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8 practical and doable ways to save money for a home

A house, coins, and a piggy bank

Saving money for a home is often hard to do – but not impossible. If you have the right mindset and tweak your spending habits, it’ll only be a matter of time until you can afford to buy your first home.

Check out these 8 doable ways to save money for a home:

  1. Open a separate savings account

    By splitting your paycheck into two separate bank accounts, you automatically set your budget for both expenses and savings. Think of how much you can comfortably set aside, deposit it in a bank account, and don’t touch it until you have enough to pay for the down payment of your future home. This technique may not seem effective at first glance, but it brings amazing results and is surprisingly doable.

  2. Buy a coffee press

    A visit to Starbucks can easily cost you $5 per day. If you go every workday, you’d be spending $1,250 a year on fancy coffee alone. And while a venti latte may jumpstart your day, it slows down your ability to save enough money for a home.

    Instead of buying coffee every day, consider buying a coffee press. It costs a little less than a week’s worth of venti lattes and allows you to steep your own at home. Pour your homemade brew into an insulated flask you can bring with you to work.

    Experiment with blends and beans until you find a few that suit you.

  3. Avoid online shopping

    The wonders of online shopping are almost impossible to resist – it’s simple, convenient, and you can do it wherever you are. However, those are the same reasons to avoid it. Browsing for bargains online triggers impulse shopping, which invariably leads to buyer’s remorse – especially after you realize that you’ve spent hundreds of dollars (or an accumulation thereof) that should’ve gone into the funds you’re setting aside for your first house.

    Cutting back on online shopping is easier said than done, but some strategies work, include deleting your credit card information and unsubscribing from email alerts. If the temptation is still too strong, delete retail apps that indulge your wants rather than your needs.

  4. Go for generic

    Brand-name products look great on your shelf, but they aren’t always better than their generic counterparts. Truth be told, buying generic is often a smart way to save money without losing out on quality. Test a few products and measure their efficacy against the branded items you’re used to. If they work like they’re supposed to, make the switch and save money. Products to try include cleaning products, over-the-counter medicine, and supermarket house brands.

  5. Pay with cash

    From cashback rewards to airline miles to beefing up your credit score, there are many good reasons to use a credit card. But if you want to save money for a home, think twice about swiping. Studies show that people spend up to twice as much when using their credit cards instead of paying with cash.

    While it’s a lot more convenient to pull out your card, paying with cash is a smarter idea in many cases. For one, it makes it easier to stick to a budget and keep your debt in check. Some stores even offer special discounts if you pay in cash.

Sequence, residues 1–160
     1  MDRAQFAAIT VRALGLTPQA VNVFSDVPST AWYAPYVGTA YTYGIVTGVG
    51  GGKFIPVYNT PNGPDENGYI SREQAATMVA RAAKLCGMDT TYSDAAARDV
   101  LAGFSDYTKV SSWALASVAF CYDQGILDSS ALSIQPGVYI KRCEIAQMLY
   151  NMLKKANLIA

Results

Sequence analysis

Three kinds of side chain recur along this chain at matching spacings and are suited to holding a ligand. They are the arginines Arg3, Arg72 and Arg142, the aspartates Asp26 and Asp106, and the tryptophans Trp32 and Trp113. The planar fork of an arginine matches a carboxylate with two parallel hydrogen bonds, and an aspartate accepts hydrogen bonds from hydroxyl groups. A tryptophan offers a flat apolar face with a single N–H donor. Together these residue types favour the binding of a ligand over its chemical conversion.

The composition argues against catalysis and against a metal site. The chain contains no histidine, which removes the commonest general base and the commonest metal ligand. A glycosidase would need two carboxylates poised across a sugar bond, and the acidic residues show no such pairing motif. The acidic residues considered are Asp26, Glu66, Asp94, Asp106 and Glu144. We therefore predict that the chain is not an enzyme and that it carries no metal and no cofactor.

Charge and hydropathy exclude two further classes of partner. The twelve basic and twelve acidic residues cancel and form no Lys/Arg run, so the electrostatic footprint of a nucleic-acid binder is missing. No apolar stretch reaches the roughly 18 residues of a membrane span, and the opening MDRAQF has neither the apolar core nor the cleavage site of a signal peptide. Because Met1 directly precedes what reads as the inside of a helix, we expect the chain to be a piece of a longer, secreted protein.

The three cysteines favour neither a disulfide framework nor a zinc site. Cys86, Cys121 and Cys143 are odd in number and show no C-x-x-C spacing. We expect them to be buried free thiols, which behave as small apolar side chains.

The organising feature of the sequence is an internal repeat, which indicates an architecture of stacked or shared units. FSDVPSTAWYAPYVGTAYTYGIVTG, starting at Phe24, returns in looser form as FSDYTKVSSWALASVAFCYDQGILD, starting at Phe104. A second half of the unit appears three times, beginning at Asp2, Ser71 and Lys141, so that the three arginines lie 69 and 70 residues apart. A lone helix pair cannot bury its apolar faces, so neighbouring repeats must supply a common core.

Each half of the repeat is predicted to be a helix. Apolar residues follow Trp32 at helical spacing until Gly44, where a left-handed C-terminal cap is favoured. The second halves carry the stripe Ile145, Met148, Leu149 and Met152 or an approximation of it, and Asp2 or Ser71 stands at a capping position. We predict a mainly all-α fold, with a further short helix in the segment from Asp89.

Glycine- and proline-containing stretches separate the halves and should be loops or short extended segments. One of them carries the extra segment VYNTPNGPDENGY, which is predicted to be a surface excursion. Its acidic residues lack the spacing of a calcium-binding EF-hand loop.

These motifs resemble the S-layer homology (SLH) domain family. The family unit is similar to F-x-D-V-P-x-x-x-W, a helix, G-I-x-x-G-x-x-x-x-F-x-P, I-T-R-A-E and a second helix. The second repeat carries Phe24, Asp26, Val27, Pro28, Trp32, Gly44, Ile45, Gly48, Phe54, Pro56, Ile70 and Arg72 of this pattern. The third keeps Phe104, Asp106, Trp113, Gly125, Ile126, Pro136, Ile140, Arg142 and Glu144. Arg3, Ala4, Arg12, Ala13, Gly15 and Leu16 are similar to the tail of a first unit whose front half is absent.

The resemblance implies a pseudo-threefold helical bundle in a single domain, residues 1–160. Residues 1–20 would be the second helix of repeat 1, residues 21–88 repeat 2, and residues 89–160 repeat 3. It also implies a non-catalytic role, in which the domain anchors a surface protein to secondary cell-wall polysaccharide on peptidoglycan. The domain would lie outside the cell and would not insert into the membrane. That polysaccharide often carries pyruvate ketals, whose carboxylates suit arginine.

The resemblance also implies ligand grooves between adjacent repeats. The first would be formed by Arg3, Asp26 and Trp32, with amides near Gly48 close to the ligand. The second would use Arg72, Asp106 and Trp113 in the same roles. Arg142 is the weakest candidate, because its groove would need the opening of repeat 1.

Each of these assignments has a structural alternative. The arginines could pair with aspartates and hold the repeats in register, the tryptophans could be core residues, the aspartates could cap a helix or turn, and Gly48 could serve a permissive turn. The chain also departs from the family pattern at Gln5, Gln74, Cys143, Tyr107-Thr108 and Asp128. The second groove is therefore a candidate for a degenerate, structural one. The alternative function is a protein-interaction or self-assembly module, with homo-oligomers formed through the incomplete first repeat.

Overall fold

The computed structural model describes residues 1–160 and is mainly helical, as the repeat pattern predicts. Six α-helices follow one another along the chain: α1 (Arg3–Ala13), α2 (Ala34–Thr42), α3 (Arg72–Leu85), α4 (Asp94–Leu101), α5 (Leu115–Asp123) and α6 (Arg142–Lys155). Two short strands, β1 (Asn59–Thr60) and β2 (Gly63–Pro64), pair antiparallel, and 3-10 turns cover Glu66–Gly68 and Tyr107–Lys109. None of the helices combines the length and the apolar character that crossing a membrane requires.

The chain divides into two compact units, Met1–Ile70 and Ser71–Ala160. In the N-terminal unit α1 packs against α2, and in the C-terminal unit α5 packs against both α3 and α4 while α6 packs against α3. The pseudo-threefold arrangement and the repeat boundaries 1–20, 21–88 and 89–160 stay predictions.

6. Cancel subscriptions

    While it’s hard to imagine living without subscriptions like Netflix ($8.99) and Amazon Prime ($12.99,) there’s no denying the toll they take on your bank account. To save for a home, you have to be willing to sacrifice a few non-essentials.

    But if you just can’t let them go, there are silver linings. Services like Hulu ($12.99) and Spotify Premium ($9.99) allow sharing with family and friends. Consider splitting the bill with others to save money while you continue enjoying the paid services.

  7. Borrow what you need and sell what you don’t use

    Need some tools for a project or a tuxedo for a special night? Don’t buy – borrow. Borrowing barely used items like these not only saves money, it also prevents you from accumulating items you’ll barely use again.

    If you’re a hoarder or a compulsive shopper, get rid of things that are just lying around the house. Sell them on eBay or throw a yard sale. You’d be amazed at how much stuff you have and how much you can get out of them.

  8. Pack your lunch

    There’s no problem with eating out every now and then, but it’s time to be serious about packing your lunch more often. According to the Bureau of Labor Statistics, the average household spent $3,459 eating out in 2018 – that’s $288 a month or a whopping $3,456 a year!

    Why spend $10 for a turkey sandwich from a deli when you can make your own at half the cost? The same can be said of salads, priced at around $12 at a salad bar, but only $3 at the local supermarket.

    Remember: every dollar saved adds up.

Are you interested in homes for sale in Roswell, GA? I’m Page Morgan, and my professional real estate team at The Page Morgan Team can get the right home for you. Call us today at 770.579.5650 or send us an email at info(at)pagemorgan(dotted)com.